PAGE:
https://hungate.org.uk/downloads/      a series of trails leading to much of the best of  medieval Norfolk stained glass.

http://www.norfolkstainedglass.org/Norfolk/home.shtm

another excellent site including Victorian and modern examples

http://www.cvma.ac.uk/jsp/locationIndex.do?countyCode=NF

There is much on Norfolk stained glass here including this index and an incomplete guide but exhaustive research by David King.

http://www.therosewindow.com/pilot/intro-england2.htm

The Rose window site by Painton Cowen an exhaustive guide of English and French stained glass. The Norfolk section now includes about 40 churches (largely updated by me)

http://www.norfolkchurches.co.uk/

Simon Knott’s excellent guide to Norfolk churches





Norfolk medieval angels. 1 stained glass

I have been taking photos of Norfolk’s medieval angels over the past three years and thought it was time to share them online. There are other categories to come (wood and carved stone and painted – on wood or walls). Sometimes they are portrayed as celestial musicians; there are a few annunciations and even a devil (after all, a fallen angel) as in the case of St John the Divine.

A huge amount of medieval stained glass was lost in the protestant iconoclasm (particularly in the reign of Edward vi and later during the English civil war). Often the glass has been collected together and repositioned in the church centuries later. I have isolated most of the angels although the Mancroft angels are a part of scenes from the gospels. Most of them were created in Norfolk although one or two (like Denton, I think) came from elsewhere. Some are dirty and need repair work, others are beautiful and expressive.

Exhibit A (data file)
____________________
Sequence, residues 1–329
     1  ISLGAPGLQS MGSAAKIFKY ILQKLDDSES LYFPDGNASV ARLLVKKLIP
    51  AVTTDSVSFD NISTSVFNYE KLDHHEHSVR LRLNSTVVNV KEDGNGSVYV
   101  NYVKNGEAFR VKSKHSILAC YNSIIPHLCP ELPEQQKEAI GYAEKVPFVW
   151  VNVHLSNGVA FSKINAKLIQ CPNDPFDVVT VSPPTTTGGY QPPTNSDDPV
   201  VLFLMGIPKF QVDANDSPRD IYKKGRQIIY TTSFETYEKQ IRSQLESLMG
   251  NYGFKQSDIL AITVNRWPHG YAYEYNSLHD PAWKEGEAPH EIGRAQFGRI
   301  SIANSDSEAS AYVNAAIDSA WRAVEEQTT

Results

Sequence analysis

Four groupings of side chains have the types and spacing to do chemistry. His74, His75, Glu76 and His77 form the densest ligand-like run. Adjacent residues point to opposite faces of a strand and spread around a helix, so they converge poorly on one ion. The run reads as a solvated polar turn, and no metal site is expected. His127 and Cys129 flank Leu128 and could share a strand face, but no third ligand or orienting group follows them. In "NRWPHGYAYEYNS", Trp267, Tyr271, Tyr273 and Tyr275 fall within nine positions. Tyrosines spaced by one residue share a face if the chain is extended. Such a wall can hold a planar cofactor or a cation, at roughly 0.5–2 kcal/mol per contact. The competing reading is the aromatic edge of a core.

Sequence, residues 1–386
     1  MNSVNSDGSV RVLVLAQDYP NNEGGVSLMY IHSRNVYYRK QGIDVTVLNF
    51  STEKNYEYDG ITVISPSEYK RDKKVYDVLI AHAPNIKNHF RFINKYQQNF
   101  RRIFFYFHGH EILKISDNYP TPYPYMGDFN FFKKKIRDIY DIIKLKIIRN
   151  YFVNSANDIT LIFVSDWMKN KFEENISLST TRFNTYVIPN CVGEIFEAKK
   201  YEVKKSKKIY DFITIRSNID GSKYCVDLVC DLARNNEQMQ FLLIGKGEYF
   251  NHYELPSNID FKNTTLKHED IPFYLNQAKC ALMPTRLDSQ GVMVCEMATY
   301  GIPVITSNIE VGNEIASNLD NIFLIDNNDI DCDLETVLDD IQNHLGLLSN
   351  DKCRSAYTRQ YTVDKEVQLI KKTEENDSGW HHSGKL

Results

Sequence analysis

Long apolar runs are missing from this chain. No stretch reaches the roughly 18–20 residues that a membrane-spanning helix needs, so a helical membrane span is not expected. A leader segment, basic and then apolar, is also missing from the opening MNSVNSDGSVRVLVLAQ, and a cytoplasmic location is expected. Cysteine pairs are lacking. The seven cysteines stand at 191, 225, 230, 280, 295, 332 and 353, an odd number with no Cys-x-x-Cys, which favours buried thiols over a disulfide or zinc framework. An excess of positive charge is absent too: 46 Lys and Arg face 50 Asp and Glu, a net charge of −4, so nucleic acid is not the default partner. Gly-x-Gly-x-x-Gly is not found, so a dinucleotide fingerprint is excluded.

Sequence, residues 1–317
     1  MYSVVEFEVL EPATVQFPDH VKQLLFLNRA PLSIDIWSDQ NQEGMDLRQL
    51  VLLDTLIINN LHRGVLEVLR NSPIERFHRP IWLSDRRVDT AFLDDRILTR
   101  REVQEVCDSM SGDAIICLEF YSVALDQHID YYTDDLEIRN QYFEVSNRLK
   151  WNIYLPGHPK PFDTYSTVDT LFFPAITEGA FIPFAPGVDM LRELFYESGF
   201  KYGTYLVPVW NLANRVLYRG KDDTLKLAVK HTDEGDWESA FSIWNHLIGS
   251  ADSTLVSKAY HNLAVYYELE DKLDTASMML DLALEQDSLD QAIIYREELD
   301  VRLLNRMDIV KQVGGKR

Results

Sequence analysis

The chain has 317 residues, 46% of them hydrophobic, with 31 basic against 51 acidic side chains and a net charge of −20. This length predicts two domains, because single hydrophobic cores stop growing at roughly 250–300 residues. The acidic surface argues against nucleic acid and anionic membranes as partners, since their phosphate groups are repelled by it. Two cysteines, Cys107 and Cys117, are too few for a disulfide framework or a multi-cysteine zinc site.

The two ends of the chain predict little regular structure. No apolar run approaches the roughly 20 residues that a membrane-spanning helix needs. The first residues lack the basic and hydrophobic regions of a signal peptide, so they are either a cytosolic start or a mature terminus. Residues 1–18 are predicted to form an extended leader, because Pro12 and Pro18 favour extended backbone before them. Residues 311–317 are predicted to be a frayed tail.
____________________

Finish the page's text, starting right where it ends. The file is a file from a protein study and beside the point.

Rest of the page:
Norwich was a major stained glass making centre from at least the thirteenth century and often the angels were designed to fit into the pointed arches of traceried windows. Some think that the feathered angels derived from medieval mystery plays. Guilds of performers travelled the country with pageant carts enacting various biblical dramas. The angels were portrayed in suits, covered with feathers. Stained glass making took off in Norfolk and especially Norwich in the fifteenth century with newly rich wool merchants commissioning much of the work. You can sometimes see depictions of the donors in the windows (though not included in this selection of angels).

A good website for English and French medieval stained glass is The Rose Window which gives brief explanations and photos. There is an English county index with many Norfolk churches listed, including many of my photos: http://www.therosewindow.com/

For Norfolk stained glass both ancient and modern see: http://www.norfolkstainedglass.org/Norfolk/home.shtm

 

More Norfolk carving in wood and stone

I’m thinking of reorganising the Norfolk carving posts into themes possibly mythical beasts, people and animals, but until I do here are the next set of photos.

More Norfolk medieval wood and stone carving

Most of these photos were taken in the last few months and there is a heavy bias towards the Marshland churches, especially the magnificent Walpole St Peter and Wiggenhall St Mary the Virgin, whose set of bench ends is second to none in Norfolk, although I find the latter’s atmosphere lacking compared to my favourite churches, perhaps because it is no longer used. Some of the carving is crude, some has been damaged by the ravages of time or perhaps the iconoclasm of the Reformation, and some is excellent. Most of all these photos provide an insight to the medieval world and imagination.

Exhibition at St Peter Hungate church, Norwich – September 3rd – October 30th 2016 (open Saturdays 10-4, Sundays 2-4)